The Australian Open in 2018: Halep and Kerber marching to the quarterfinals

The Australian Open in 2018: Halep and Kerber marching to the quarterfinals

"I try to play fast but I think she likes this".

Angelique Kerber didn't have the kind of season expected of her a year ago after winning the Australian Open and U.S. Open titles in 2016. "I got used to everything", Halep said afterwards.

The 26-year-old Romanian world number one, still seeking a first grand slam title, trailed 3-0 but battened down the hatches to reel off the next nine games on her way to a first Melbourne semi-final. "And she will come forward, and she just does a really good job of balancing getting every ball back but also putting you in a bad position", Keys said.

Kerber will go back into the world's top-10 after reaching the semi-finals and is on a 14-match winning streak in Australia after an unbeaten singles campaign in the Hopman Cup and her triumph in the Sydney warm-up. I was going out there and trying to playing my tennis again.

Despite having a tougher time of things in her past couple of matches, Pliskova has looked very good so far in Melbourne and will be confident heading into her last eight match against world number one Simona Halep.

For anyone who doubted, this was Angelique Kerber in 2016 vintage form. This is pretty much a coin flip and Kerber is probably the favorite due to her experience, but Halep has been consistent and needs that victory to get over the top eventually.

"I don't know, in the last game at 40-0, I thought it was time to do a ceremony or something like that", Chung told Jim Courier in the on-court interview.

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Cilic, the 2014 U.S. Open champion, will next play No. 49-ranked Kyle Edmund, who beat No. 3-ranked Grigor Dimitrov 6-4, 3-6, 6-3, 6-4 to reach a Grand Slam semifinal for the first time.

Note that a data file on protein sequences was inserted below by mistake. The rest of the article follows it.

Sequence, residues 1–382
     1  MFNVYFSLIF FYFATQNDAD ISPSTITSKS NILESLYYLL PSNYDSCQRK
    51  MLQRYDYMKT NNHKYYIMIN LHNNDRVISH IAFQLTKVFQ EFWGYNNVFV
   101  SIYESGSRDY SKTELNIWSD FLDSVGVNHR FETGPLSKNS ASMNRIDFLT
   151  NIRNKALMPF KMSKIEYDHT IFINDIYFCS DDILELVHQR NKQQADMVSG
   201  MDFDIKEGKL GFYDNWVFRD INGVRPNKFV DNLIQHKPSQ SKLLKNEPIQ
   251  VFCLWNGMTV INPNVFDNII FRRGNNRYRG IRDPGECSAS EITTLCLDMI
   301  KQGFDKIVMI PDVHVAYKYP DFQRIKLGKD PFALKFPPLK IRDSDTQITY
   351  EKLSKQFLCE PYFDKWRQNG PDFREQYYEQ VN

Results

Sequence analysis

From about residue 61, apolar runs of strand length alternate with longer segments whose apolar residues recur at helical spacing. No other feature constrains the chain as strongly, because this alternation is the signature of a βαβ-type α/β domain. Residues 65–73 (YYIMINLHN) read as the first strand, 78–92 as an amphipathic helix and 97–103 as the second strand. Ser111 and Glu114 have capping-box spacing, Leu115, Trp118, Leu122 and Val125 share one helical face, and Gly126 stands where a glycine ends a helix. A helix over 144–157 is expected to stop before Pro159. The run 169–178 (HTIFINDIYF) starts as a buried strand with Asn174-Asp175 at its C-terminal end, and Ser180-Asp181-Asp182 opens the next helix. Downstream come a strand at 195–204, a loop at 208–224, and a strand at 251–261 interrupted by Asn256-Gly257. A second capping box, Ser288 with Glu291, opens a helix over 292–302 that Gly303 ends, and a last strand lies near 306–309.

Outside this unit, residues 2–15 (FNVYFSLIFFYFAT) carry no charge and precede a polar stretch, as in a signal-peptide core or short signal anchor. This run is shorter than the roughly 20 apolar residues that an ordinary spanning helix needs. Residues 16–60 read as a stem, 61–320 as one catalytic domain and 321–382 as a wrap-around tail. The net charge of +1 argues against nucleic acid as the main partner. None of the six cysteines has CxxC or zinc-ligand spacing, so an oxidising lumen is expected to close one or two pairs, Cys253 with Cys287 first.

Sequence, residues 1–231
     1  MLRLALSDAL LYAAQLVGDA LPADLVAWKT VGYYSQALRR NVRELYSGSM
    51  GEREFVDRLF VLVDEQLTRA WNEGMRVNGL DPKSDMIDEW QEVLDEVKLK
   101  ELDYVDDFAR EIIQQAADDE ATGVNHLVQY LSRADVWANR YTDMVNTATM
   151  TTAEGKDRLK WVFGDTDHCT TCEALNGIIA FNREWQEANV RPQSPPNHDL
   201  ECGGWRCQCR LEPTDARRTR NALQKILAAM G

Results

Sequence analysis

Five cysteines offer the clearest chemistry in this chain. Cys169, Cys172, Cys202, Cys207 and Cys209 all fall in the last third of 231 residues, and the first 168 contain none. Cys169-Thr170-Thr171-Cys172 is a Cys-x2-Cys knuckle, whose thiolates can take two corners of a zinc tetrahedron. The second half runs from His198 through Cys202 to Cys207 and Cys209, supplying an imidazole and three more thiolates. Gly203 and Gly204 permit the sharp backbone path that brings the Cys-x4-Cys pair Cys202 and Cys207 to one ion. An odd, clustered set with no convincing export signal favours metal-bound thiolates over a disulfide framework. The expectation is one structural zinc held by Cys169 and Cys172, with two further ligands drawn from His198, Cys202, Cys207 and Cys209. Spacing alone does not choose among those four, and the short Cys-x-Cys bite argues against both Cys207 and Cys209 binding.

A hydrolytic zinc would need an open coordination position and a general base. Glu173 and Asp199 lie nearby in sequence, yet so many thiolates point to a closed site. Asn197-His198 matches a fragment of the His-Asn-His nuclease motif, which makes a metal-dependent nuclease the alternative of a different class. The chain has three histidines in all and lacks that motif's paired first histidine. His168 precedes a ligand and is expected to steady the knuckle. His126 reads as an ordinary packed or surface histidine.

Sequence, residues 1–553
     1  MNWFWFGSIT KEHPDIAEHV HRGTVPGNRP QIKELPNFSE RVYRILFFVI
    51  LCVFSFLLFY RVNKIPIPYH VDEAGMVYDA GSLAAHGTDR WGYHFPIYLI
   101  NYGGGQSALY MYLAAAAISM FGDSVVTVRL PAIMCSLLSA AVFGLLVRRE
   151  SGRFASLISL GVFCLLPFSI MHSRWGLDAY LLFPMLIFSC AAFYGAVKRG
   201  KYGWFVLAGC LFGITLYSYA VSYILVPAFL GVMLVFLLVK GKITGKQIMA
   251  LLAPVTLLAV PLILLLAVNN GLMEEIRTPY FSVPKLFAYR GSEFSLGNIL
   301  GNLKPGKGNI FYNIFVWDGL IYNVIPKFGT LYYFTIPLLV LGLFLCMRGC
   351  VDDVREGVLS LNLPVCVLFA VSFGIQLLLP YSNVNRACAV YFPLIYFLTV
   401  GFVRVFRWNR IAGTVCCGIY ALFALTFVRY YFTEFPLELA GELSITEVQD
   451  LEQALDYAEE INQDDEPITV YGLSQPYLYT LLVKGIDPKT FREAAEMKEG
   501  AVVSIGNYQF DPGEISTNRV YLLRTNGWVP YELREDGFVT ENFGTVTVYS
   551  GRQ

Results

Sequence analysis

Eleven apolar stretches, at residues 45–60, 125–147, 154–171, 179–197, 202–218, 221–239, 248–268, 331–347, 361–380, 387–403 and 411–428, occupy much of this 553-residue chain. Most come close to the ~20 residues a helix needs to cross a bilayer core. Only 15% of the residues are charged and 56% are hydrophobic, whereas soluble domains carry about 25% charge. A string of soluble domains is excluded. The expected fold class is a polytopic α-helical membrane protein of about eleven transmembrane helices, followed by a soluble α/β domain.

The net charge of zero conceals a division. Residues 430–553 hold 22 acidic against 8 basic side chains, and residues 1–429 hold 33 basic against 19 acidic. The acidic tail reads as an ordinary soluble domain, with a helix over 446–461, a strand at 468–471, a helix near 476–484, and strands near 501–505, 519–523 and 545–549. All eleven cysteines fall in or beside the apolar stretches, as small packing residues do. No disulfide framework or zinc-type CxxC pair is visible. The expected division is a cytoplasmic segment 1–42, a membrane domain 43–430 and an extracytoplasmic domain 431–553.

"For sure it wasn't my best start but I knew I had to restart after three games to stop missing and move better", said Halep, whose relentless chasing and powerful groundstrokes overwhelmed her taller, tattooed opponent.

"I was going out there and trying to playing my tennis again and it was a good feeling again".

"I think in the first set I played really passive, and because of that I feel like I wasn't moving as well, wasn't accelerating".

The Czech only managed two aces for the match and won just 55 per cent of points on her first serve.

She made just seven unforced errors for the match. Now that long-deferred Grand Slam title seems tantalizingly within grasp for this more mature, wiser competitor. In her only appearances in major finals, she lost in the French Open title match in both 2014 (to Russia's Maria Sharapova) and 2017 (to Latvia's Jelena Ostapenko).

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